7.1.3 Meristems as templates for morphogenesis

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The location and activity of individual meristems give rise to the diverse morphologies we recognise within the Plant Kingdom. Palms and grass trees have a distinctive morpho-genesis with the entire shoot canopy produced from the activity of a single apical meristem. Removal of the crown of a coconut palm inevitably kills the whole plant. The roots of palms and grass trees are also extraordinary in that they grow and senesce in a seasonal pattern which confers tolerance to poor soils and fire.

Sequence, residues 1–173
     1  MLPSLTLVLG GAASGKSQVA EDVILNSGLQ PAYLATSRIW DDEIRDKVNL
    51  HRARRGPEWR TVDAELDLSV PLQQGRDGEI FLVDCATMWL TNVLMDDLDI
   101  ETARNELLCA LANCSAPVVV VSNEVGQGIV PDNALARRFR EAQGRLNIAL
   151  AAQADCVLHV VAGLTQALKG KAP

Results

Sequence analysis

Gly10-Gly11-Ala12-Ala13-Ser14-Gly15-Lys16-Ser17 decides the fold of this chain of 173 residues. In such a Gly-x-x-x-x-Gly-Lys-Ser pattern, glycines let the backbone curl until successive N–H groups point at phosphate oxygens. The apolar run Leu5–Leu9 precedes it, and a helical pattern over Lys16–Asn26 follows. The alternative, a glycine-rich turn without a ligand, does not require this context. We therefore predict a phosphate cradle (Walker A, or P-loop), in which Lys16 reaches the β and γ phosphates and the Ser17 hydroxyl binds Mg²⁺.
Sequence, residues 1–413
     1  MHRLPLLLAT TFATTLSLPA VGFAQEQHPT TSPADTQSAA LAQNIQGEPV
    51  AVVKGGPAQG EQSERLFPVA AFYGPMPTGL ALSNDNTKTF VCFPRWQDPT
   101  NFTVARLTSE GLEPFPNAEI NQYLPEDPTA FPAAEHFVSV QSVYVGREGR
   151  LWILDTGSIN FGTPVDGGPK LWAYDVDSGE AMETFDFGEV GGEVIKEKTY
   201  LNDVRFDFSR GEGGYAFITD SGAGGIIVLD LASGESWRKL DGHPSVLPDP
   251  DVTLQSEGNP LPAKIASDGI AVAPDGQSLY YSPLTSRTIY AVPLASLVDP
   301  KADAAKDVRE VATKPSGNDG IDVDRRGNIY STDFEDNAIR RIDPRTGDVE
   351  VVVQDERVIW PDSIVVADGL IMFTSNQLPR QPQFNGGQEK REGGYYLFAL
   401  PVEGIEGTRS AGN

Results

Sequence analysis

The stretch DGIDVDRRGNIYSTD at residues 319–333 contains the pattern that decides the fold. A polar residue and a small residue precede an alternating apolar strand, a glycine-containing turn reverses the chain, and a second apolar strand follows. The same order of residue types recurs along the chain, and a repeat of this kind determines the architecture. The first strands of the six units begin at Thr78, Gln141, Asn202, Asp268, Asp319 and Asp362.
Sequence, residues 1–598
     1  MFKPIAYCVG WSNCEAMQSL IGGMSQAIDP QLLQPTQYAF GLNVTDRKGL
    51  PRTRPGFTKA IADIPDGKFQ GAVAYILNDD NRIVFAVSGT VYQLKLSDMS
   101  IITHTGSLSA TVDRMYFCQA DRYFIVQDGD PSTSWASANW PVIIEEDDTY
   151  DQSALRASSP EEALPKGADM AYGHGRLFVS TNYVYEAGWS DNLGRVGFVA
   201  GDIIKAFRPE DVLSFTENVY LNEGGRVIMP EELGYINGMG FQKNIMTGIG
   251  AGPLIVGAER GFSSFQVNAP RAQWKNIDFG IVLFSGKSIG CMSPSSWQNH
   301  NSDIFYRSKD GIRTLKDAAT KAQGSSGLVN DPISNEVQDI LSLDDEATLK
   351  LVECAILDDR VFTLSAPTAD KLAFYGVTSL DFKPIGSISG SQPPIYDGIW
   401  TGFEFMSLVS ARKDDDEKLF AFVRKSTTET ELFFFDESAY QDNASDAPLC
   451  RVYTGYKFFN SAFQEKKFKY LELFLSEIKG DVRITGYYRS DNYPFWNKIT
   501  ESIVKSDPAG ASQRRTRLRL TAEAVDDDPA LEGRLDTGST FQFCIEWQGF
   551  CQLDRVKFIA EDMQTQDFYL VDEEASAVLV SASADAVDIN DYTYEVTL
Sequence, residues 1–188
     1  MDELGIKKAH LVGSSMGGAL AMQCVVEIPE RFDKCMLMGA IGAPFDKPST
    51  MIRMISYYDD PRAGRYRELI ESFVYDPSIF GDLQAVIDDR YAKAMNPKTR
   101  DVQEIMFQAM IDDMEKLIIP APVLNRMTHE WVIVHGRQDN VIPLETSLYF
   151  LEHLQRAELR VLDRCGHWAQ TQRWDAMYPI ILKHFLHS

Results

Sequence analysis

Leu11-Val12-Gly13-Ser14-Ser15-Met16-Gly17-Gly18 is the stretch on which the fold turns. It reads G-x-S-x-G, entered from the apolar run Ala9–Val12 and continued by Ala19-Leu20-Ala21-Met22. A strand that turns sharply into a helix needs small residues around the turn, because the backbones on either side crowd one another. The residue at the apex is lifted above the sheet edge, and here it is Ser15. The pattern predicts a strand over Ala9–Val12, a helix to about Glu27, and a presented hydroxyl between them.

In contrast, woody trees produce complex shoot morphologies through combined activity of terminal and lateral apices. We see the product in the height and diverse branching pattern of large trees. Australian eucalypts show a diversity of shoot forms, ranging from the single slender trunk of a mountain ash or karri, topped by a branched canopy, to the multiple trunks of mallee eucalypts. The branching form of mallee species is determined by simultaneous activity of many apical meristems. Similarly, excavation of roots of large trees has often revealed complex branching patterns which enable effective exploration of large volumes of soil and extraction of water and nutrients. In the case of Eucalyptus marginata (jarrah; see Figure 3.3), a root system arises from strong meristematic activity in the surface levels of the root system as well as proliferation of deep sinker roots. These dual root morphologies, also found in Banksia (see Figure 3.2), are impressively adapted to the poor lateritic soils on which this species grows. Further complexity in root morphogenesis is illustrated by the proteoid (cluster) roots of members of the Proteaceae (see Section 3.1). Although the trigger for meristematic activity which leads to intensive local branching is unknown, cluster roots probably confer a competitive advantage in nutrient-poor soils, possibly through enhancing phosphate acquisition. Grasses have a distinctive morphology which arises from the local activity of intercalary meristems. These meristems give rise to semi-autonomous plants called tillers which comprise leaves, stems and reproductive parts and are subtended by nodal roots. Cell divisions within the intercalary meristem are developmentally responsible for the characteristic morphology of grasses, a family that is well adapted to herbivory.